Wednesday, May 1, 2013

I'd like to see something like this done with business schools....

Above the Law website has just released it's first annual ranking of law schools in the US and it's based entirely on one criteria: how will do grads fare in the labor market once they graduate.  From their introduction:
If law school was just a cool place to chill out for a few years without building specific job skills, they'd call it "college." Jobs are important, and we think that law schools should be competing to place students in the best jobs, not the best libraries. And given the cost of obtaining legal education, we want to know which law schools put you in jobs that pay you money, instead of jobs the law school pays for.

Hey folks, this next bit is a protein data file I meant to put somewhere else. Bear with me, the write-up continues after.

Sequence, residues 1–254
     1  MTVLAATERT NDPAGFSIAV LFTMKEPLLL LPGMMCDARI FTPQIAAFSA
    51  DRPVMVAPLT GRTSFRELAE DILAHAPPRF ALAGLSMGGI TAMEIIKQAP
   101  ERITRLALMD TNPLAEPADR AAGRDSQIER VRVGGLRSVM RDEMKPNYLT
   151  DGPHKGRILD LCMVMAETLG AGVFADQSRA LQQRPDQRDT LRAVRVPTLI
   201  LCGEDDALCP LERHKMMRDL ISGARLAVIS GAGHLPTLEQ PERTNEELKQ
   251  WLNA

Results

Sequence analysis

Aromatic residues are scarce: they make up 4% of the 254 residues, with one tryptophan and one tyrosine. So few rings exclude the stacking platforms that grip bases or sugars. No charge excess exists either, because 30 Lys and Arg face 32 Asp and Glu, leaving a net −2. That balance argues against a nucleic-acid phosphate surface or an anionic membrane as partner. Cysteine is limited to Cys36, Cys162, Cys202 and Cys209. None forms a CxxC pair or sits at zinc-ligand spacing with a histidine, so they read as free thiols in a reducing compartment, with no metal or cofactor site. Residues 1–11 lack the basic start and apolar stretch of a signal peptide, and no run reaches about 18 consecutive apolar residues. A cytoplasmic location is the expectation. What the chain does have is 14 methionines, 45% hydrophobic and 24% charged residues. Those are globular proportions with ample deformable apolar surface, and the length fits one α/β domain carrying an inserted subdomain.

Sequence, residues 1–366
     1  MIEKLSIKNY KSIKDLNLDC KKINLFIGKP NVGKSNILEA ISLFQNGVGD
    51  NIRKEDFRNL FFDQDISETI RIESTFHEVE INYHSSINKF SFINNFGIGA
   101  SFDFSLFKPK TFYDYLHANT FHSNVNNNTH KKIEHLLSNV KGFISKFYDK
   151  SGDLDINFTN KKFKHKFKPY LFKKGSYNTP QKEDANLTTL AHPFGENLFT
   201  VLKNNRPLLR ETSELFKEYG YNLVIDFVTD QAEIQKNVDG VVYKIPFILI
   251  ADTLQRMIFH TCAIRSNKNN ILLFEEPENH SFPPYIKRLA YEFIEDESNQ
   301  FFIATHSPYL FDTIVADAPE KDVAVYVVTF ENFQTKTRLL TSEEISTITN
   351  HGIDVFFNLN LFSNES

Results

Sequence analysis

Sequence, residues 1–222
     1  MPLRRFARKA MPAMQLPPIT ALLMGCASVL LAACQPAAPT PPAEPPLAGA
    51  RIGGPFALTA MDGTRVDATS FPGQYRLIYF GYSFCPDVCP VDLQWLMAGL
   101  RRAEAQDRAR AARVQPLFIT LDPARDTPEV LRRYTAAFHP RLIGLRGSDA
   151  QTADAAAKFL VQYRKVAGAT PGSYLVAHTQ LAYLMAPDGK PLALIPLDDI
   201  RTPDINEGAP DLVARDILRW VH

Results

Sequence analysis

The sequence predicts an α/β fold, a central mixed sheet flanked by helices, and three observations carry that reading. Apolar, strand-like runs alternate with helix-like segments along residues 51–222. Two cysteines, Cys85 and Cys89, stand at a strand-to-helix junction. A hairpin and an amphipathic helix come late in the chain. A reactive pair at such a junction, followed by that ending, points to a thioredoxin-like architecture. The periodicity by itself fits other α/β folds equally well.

Now there is one caveat: AtL considers only 50 schools in their rankings, and they're all the usual, big-time suspects.  Thus, schools such as the University of Baltimore (I'm a MBA alum!) are not included.  Staying in state, neither is the University of Maryland's law school, a little surprising since UM is one of the largest universities in the country and has lots of resources (I'm an UM alum as well).  And further alas, Florida State's law school didn't make the list either (my PhD is from FSU), though the dreaded UF Gators did (#44)!  Well, enough of that, check out the results here.